US Unemployment Rate Lowest in Almost 3 Years

by InvestorPlace Staff | January 10, 2012 2:46 pm

According to Labor Department officials, the United States December unemployment rate dropped to 8.5 percent from an 8.7 percent in November.  The job market was strengthened by an addition of 200,000 jobs in the private sector.  The employment growth rate over the past 13 months is the strongest recovery since the rebound after the 1990 to 1992 recession.

The report also stated that even though unemployment fell, participation in the workforce stayed consistent.  Private sector employment showed strong growth in small and medium sized businesses. Unfortunately, the government sector took a small hit and removed 12,000 jobs.  Specifically businesses such as courier services, bars and restaurants have increased in hiring employees.

Also manufacturing and skill service jobs have been rising. Skill service jobs range from the food industry to health care and incorporate a large portion of the most recently added jobs.

Weekly applications for unemployment benefits have fallen to as well and holiday retail reports show strong revenues. The increase in hiring and consumer spending reflect a modest improvement in the economy.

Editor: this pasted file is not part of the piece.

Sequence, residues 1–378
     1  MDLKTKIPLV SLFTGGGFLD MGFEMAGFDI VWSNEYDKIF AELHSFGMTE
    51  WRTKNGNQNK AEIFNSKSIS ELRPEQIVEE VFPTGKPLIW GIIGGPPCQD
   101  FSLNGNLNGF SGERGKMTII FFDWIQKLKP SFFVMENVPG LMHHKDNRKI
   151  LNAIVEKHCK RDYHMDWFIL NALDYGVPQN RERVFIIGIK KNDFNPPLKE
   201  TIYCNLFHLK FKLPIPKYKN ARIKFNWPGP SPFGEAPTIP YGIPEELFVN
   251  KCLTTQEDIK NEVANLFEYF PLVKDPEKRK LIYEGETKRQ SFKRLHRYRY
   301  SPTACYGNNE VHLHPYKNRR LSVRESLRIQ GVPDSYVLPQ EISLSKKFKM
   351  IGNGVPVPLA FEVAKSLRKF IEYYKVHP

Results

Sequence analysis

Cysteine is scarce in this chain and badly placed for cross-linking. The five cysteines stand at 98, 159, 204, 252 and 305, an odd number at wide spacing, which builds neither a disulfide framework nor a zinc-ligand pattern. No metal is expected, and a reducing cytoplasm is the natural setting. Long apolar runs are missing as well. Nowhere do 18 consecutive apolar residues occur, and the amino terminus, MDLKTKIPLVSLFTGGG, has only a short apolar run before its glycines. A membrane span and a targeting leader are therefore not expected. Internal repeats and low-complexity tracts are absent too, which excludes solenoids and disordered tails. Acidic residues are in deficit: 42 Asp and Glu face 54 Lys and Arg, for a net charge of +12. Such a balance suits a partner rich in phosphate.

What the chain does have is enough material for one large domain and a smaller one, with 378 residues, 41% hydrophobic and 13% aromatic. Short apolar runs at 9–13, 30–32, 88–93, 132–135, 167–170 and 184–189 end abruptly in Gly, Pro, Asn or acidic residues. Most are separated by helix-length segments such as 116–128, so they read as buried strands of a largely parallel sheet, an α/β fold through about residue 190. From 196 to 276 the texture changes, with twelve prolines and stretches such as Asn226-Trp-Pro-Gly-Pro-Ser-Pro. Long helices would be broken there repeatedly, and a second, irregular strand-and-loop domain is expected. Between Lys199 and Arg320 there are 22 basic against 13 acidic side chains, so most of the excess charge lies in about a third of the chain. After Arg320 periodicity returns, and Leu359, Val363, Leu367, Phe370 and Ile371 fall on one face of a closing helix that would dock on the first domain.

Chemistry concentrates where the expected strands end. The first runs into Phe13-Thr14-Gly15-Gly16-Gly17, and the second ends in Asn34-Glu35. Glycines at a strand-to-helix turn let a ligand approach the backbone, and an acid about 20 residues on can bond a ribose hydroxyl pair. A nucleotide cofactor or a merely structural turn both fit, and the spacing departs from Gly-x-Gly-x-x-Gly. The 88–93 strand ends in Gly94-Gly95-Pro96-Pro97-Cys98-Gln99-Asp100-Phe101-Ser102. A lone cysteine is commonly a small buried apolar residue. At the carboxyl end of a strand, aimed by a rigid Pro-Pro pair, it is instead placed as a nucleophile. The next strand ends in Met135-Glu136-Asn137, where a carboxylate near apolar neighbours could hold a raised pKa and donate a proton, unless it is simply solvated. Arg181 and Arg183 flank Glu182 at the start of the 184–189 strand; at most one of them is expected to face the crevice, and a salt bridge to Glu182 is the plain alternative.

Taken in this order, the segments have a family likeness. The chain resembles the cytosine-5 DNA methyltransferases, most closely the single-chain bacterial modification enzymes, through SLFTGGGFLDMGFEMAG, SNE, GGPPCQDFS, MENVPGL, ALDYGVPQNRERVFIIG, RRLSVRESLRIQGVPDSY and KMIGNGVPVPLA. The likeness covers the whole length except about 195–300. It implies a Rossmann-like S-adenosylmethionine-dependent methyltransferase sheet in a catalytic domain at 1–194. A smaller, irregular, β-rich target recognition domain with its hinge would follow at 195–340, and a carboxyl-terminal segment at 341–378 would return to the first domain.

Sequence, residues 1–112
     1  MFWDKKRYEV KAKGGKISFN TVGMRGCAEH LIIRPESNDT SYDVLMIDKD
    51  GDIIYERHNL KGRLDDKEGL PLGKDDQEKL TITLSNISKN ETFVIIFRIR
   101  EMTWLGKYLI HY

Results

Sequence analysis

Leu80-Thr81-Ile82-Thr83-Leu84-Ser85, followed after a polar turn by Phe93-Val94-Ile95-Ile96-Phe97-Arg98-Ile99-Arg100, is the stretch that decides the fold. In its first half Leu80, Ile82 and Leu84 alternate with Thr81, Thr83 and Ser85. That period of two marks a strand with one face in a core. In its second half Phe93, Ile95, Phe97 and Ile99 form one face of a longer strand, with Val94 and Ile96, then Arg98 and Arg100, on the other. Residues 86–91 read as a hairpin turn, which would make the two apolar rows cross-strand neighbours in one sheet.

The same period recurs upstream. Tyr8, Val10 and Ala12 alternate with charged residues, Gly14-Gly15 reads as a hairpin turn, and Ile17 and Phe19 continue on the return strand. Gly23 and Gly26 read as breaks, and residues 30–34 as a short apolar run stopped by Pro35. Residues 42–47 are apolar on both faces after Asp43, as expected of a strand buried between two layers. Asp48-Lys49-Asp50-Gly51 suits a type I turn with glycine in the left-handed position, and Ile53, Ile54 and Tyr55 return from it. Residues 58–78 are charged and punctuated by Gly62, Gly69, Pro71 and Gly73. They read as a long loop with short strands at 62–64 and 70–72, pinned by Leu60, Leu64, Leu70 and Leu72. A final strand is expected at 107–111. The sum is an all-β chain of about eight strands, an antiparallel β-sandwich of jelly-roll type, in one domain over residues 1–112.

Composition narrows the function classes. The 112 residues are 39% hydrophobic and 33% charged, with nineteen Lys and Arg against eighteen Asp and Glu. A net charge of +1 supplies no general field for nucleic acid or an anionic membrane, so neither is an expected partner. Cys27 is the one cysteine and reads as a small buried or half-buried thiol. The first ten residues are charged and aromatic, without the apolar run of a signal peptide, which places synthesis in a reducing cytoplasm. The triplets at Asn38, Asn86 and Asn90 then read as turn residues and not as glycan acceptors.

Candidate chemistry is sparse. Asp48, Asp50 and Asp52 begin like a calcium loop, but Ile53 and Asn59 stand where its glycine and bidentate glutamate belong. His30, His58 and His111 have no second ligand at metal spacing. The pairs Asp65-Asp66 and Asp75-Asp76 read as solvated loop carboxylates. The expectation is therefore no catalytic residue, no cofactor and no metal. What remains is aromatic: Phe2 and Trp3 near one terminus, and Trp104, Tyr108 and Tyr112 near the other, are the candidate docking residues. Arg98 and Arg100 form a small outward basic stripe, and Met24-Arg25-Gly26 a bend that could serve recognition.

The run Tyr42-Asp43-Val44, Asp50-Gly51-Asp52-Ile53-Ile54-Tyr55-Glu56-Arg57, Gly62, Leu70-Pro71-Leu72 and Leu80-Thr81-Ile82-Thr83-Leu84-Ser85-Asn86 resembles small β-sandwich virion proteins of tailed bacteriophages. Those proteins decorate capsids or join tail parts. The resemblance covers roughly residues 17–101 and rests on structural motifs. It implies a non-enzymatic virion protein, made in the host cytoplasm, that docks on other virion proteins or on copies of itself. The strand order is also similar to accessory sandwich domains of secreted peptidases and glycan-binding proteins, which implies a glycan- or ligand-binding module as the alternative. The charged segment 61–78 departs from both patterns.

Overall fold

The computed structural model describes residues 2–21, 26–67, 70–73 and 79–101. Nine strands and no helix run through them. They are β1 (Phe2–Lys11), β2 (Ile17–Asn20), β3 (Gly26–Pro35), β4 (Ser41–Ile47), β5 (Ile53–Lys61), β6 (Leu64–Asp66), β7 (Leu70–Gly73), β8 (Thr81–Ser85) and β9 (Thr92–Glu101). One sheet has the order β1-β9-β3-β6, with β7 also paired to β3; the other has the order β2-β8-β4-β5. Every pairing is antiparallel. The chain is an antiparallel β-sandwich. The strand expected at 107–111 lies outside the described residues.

“More people are working and earning more income, and that’s reflected in a better consumer psyche,” said Stuart Hoffman, chief economist at PNC Financial. “Consumer psychology is better than anyone would have predicted two months ago.”

Economists predict between a two and three percent increase in jobs added throughout 2012.  Many businesses have reported that they are ready to increase their hiring efforts in early 2012 after seeing more demand for products and a stronger consumer confidence.

Employees “not losing jobs” is a sign of slow improvement of the US economy, although potential European recession issues still trouble US economists and have the capability to slow the US employment rate. Economists expect job growth to continue during the early months of 2012, but warn that it will most likely be gradual and that there are still reasons to be concerned.

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